Advantageously, ibuterol is applied to the eyeball in the form of a pharmaceutical preparation conventionally formulated for this purpose. Such a topical ophthalmic preparation comprising a physiologially effective amount of ibuterol or a therapeutically (especially ophthalmically) tolerable acid addition salt thereof together with at least one indifferent carrier, also belongs to the particular embodiments of the invention.
In pharmaceutical preparations for the direct application to the eyeball (such as those mentioned hereinabove), the concentration of ibuterol (calculated as the free base) generally amounts about 0.01 to about 1.0 weight-% (based on the weight of the final composition); a preferred concentration, e.g. in eye drops, is about 0.025 to about 0.5, especially 0.05 to 0.2 % (w/v).
In one embodiment, water is the principal inert carrier, deionized and/or distilled water being used preferably. Advantageously, an aqueous solution of the drug and other ingredients may be used as a stock solution in the manufacture of other, non-homogenous application forms.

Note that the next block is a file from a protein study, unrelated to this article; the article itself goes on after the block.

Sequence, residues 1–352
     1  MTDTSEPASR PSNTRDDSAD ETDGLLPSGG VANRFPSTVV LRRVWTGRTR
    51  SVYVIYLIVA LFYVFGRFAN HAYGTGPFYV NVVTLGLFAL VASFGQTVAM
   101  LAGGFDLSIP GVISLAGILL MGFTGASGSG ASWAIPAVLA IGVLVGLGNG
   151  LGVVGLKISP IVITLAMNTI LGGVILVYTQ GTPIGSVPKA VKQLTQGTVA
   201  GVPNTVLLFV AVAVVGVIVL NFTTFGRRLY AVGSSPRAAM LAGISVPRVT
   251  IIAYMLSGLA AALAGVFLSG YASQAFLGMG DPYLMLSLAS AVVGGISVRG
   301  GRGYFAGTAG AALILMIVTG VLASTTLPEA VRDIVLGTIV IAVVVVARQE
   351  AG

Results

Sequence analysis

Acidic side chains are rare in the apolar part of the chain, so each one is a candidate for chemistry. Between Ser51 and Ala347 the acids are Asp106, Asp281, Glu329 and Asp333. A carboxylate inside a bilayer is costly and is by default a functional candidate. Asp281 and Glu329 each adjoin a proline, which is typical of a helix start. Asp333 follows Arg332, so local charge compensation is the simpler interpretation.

In order to prevent the aqueous solutions from the presence of germs of noxious microorganisms, e.g. of those deteriorating or modifying the components and, especially, of pathogenic microorganisms, the primary solutions are preferably sterilized by conventional means (e.g. ultra-filtration and/or heat treatment) and/or rendered preserved, especially by the admixture of preservatives. Common preservatives are applied in usual concentrations (in % w/v), e.g. benzalkonium halides (especially chloride) in an amount of about 0.002 to about 0.02, especially about 0.01%, disodium EDTA, in an amount of about 0.005 to about 0.05, especially about 0.025%, and/or thimerosol in an amount of about 0.0002 to about 0.005, especially about 0.001%. For the chemical stability, the presence of a conventional antioxidant, such as sodium metabisulfite, in an appropriate concentration (such as 0.025 to about 0.25%) is useful and recommendable.